Unless Chicago is kept off the scoresheet this pool is going right down to the wire.
Sunday, May 30, 2010
Friday, May 28, 2010
Wednesday, May 26, 2010
Is Three Dee the future of Television? Canadian 3D evangelist James Stewart thinks so. From Mediacaster Magazine:
"3D's time has come. You see it in the blockbuster global box office success of Avatar and the 3D commercial success by major brands such as Sprint, Mazda and Vodafone. The advertising community is now ready and eager to capitalize on 3D's immersive effect," said Stewart. "But, across the creative community, we still have a lot to learn as we all tool up for 3D production."
(3D evangelist - WTF?)
Gak...I hope not. 3D feels like yet another technological advancement like flat screen and 1080p and 120hz and HD with the logic behind the sales job being: 'If it looks sharper, slicker, brighter, faster, 3D-er...it will *be* better.' But a nice looking image and good sound only can compliment what's on the television. Good stories and compelling creative content is what makes TV better.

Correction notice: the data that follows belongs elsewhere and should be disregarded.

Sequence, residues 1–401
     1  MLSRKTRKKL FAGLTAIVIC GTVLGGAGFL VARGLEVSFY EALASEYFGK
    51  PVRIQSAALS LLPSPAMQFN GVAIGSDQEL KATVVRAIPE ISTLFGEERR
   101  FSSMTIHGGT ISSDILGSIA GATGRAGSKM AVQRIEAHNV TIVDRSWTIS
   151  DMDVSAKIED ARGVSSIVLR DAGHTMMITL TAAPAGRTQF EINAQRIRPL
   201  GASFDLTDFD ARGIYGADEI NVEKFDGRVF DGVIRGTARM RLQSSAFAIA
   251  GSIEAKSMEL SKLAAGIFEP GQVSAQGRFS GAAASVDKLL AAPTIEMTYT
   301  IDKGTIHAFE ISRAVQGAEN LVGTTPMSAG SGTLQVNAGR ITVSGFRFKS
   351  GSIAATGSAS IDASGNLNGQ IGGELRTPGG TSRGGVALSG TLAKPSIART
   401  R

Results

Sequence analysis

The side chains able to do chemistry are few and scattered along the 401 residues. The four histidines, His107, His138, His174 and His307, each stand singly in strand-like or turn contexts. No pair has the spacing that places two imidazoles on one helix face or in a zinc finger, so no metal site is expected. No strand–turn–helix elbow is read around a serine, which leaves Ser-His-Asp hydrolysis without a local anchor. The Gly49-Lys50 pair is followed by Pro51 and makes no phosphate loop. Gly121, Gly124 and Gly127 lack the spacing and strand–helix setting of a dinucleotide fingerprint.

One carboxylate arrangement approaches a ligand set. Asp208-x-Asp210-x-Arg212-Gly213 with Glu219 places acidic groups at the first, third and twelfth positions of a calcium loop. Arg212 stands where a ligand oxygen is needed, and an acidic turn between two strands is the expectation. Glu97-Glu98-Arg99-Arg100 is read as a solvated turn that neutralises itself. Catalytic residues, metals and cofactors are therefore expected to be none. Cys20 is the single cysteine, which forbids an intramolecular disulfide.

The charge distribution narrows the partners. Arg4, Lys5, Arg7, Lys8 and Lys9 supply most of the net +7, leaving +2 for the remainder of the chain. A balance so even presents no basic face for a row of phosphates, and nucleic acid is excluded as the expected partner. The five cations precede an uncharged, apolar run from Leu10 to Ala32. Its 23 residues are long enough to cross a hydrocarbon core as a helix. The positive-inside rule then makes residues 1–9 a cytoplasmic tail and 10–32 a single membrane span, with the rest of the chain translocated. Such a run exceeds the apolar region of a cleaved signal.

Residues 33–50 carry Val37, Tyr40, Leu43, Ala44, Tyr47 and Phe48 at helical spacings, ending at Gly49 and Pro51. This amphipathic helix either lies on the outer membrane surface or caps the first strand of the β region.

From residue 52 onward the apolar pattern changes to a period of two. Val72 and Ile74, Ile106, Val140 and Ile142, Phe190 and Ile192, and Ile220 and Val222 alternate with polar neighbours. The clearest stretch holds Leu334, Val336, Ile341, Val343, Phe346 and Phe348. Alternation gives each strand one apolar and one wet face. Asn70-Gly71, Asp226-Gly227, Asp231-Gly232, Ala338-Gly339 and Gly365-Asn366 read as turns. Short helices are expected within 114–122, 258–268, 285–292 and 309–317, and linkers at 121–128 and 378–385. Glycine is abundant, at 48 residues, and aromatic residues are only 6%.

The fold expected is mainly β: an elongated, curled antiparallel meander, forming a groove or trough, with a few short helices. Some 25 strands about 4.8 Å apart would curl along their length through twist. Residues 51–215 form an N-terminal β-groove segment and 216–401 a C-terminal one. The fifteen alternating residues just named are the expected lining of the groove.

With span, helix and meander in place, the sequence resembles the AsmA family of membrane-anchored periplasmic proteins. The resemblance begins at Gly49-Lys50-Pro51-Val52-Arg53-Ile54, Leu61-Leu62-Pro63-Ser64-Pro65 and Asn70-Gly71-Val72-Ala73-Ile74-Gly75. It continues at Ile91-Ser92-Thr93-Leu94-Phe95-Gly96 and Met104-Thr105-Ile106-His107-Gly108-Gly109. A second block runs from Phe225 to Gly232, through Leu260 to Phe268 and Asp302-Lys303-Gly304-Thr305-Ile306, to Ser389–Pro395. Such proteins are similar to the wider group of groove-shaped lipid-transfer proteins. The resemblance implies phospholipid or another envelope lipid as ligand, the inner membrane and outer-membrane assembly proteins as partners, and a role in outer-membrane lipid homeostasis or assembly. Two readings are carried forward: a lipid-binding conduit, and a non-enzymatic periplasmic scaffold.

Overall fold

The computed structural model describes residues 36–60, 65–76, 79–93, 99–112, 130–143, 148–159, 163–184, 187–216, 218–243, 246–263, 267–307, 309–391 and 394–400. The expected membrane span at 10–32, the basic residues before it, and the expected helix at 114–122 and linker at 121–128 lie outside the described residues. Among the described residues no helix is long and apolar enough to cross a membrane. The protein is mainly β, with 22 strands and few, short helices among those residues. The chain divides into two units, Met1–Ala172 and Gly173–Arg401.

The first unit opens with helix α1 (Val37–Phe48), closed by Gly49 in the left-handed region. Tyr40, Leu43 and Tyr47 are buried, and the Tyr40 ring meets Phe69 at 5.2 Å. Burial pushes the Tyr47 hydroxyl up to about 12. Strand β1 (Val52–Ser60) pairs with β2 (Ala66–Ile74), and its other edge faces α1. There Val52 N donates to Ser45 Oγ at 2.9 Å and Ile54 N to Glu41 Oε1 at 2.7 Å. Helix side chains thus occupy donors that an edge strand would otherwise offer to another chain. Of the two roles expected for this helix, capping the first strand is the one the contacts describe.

Not only that, 3-D TV feels way more gimmicky then all the other recent technological advancement.
Roger Ebert wrote a great piece a few weeks ago about why he hates 3-D...read it HERE. And even though Mr. Ebert was talking mostly about films in movie theatres, a lot of the negatives he lists can be applied to the recent 3-D TV craze.
3-D is a waste of a perfectly good dimension. Hollywood's current crazy stampede toward it is suicidal. It adds nothing essential to the moviegoing experience. For some, it is an annoying distraction. For others, it creates nausea and headaches. It is driven largely to sell expensive projection equipment and add a $5 to $7.50 surcharge on already expensive movie tickets. Its image is noticeably darker than standard 2-D. It is unsuitable for grown-up films of any seriousness. It limits the freedom of directors to make films as they choose. For moviegoers in the PG-13 and R ranges, it only rarely provides an experience worth paying a premium for.